Wednesday, October 12, 2016

Common Sparrow ID tips

Sparrows can be an intimidating group for beginning birders.  They're little, they're fast, they're flighty... and they're all brown!  How can one even begin to tell them all apart?

The Great Central Valley supports an impressive array of little brown sparrows (often lumped in with wrens and finches and dismissed as "Little Brown Jobs"), but there is hope for the new birder!  Pick up a good field guide, and start narrowing your options down by season and by habitat.  For example, determine which species are likely to be in the Central Valley in the winter only.  You'll be left with a shorter list of potential species after a process of elimination.

An excellent tool is eBird's Bar Chart feature.  This allows you to select a county (or multiple counties) and displays a chart of monthly (weekly, actually) occurrences for all of the species recorded in that region.  This is an excellent way to become familiar with what species are in your area at different times of the year.

Another good tip is to learn the most common species backwards and forwards.  I suggest getting to know the English Sparrow (Passer domesticus) first - although they're not sparrows in the true sense, but rather a type of Old World sparrow introduced from Europe in the 1800's.  (Some ornithologists classify them as weaver finches, some argue otherwise.)  Turns out they like it here; they are everywhere, the ubiquitous little brown birds of cities, suburbia, and fast food parking lots. 

Once you are acquainted with English Sparrows (also called House Sparrows), you will be better equipped to distinguish between the imposters and our true native sparrows. 

Because they're so common (read: "boring"), I had never photographed an English Sparrow until today; I popped outside and found a male hiding out in a bush just outside the door.  I told you, they're basically everywhere.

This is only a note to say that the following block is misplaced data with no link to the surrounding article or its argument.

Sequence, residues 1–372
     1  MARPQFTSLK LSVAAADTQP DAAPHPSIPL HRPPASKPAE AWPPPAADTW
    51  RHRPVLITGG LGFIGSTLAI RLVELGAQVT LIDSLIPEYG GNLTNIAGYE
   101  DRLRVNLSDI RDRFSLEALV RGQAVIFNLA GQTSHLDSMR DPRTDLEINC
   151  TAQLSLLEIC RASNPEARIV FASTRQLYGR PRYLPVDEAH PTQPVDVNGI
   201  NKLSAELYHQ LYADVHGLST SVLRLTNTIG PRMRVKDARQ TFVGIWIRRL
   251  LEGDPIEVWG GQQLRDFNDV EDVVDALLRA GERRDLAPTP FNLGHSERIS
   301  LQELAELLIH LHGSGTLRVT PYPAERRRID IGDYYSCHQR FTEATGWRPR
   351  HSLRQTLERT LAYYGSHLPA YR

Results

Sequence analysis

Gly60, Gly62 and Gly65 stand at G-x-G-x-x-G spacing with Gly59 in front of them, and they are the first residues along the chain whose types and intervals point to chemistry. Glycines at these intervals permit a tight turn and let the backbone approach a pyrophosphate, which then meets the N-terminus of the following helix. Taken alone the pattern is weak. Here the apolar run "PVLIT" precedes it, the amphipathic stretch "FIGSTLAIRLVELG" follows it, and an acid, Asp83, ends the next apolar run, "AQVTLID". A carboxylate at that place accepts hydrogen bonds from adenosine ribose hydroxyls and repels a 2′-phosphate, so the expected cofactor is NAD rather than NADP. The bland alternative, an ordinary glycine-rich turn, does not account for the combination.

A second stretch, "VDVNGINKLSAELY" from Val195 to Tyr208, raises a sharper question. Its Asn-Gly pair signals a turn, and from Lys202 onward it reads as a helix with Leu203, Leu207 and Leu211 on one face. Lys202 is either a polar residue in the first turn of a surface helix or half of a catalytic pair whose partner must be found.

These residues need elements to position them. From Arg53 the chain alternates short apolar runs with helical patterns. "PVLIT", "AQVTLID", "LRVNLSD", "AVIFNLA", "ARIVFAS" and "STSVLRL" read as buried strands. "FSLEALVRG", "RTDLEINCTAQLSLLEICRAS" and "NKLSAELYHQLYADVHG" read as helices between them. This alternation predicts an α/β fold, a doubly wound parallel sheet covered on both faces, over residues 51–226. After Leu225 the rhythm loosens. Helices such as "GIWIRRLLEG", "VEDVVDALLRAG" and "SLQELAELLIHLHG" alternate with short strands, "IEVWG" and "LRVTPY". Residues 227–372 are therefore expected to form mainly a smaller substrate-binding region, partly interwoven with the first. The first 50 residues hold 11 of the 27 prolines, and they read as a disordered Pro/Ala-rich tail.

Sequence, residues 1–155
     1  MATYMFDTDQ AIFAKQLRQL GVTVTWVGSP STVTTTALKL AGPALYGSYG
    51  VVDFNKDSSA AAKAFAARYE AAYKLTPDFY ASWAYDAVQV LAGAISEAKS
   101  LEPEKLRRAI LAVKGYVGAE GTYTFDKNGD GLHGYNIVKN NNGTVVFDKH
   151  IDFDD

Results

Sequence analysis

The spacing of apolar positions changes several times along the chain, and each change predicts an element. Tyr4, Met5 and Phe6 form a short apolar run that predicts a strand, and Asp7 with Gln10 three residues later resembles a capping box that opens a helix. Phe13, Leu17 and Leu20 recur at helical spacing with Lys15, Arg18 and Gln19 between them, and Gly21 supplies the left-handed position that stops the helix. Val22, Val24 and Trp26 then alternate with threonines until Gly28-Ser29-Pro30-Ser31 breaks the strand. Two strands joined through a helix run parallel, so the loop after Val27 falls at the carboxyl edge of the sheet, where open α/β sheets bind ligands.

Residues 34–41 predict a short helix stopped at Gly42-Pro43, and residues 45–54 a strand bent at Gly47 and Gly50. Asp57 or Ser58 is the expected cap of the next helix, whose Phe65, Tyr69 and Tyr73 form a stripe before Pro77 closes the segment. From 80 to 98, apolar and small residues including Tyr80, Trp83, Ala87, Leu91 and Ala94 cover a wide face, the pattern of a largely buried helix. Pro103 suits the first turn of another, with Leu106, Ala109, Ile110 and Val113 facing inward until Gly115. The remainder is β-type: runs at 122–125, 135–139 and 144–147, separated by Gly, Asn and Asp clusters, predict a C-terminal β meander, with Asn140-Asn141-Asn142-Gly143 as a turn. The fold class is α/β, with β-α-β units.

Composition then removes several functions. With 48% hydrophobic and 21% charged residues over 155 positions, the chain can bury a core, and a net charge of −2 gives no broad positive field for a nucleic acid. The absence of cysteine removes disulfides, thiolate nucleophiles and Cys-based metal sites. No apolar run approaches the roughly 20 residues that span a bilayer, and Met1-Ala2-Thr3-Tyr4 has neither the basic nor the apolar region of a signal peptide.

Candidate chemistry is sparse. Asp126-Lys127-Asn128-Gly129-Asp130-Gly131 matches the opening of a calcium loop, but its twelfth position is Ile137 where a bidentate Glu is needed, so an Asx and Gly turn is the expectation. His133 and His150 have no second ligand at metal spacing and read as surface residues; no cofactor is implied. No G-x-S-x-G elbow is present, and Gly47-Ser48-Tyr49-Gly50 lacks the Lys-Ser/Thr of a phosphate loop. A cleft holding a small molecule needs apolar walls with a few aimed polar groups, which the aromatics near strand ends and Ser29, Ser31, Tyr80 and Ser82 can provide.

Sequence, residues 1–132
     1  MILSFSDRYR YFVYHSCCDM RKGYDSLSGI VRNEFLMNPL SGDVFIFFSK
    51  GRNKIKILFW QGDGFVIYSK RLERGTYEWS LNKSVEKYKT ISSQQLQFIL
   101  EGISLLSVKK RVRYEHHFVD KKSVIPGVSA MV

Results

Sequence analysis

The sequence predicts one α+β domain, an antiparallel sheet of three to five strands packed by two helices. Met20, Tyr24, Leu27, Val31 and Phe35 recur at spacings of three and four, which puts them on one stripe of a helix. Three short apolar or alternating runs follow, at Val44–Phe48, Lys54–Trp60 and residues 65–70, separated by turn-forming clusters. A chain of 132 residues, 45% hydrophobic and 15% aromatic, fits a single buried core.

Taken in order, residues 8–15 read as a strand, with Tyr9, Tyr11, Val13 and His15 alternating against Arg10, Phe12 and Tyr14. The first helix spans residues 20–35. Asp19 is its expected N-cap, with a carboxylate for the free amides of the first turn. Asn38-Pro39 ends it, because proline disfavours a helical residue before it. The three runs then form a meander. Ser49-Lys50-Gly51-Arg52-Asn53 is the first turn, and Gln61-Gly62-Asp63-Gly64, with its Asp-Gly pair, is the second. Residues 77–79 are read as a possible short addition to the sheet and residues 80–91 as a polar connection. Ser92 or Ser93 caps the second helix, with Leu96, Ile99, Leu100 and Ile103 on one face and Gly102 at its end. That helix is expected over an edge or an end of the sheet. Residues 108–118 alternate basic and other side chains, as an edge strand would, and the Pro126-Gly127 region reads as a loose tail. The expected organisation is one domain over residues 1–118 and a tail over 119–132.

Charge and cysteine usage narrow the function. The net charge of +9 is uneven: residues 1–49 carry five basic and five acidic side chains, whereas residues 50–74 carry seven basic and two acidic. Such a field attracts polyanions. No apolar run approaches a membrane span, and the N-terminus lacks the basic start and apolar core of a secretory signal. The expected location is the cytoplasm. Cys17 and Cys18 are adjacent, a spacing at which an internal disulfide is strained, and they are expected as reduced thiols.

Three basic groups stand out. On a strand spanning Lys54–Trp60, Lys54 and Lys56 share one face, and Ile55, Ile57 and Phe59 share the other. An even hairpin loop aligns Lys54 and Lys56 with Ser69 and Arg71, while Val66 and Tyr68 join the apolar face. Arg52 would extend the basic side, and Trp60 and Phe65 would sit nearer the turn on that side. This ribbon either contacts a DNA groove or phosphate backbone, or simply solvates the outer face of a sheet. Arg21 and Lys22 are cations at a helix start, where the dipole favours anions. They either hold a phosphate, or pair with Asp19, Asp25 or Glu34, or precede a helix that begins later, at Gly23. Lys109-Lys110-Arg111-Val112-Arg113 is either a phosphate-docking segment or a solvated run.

English Sparrow (Passer domesticus)

The first native sparrow you ought to learn is the White-crowned Sparrow (Zonotrichia leucophrys), distinct with its prominent black-and-white striped head, and common enough to frequent bird feeders during the winter months.

The White-crowned was the first native sparrow I learned to identify, watching them at birdfeeders during the winter.  In the summer, they can be found in the Sierra Nevada and northern parts of the state; they remain along the Central Coast year-round.

White-crowned Sparrow (Zonotrichia leucophrys)
The second native sparrow you might consider familiarizing yourself with is the Song Sparrow (Melospiza melodia), a year-round resident of Central Valley grasslands.  It can be found nearly everywhere else in California as well, except for the High Sierra and the deserts.  A good field mark to look for in the Song Sparrow is a dark central chest spot, set at what sometimes appears to be the convergence of streaks on its breast.

Song Sparrow (Melospiza melodia)
As you might guess, the Song Sparrow sings a lovely song.  Visit Cornell University's All About Birds to listen to a Song Sparrow sing.

So there's your assignment: make the acquaintance of our invasive imposter "sparrow," then learn to recognize two of our most familiar and beautiful native sparrows, and you'll be well on your way to identifying more of the little brown birds you see in the field!

Once you feel comfortable with these sparrows, try your hand at a few others:
Lincoln's Sparrow
Savannah Sparrow
Rufous-crowned Sparrow
Bell's Sparrow

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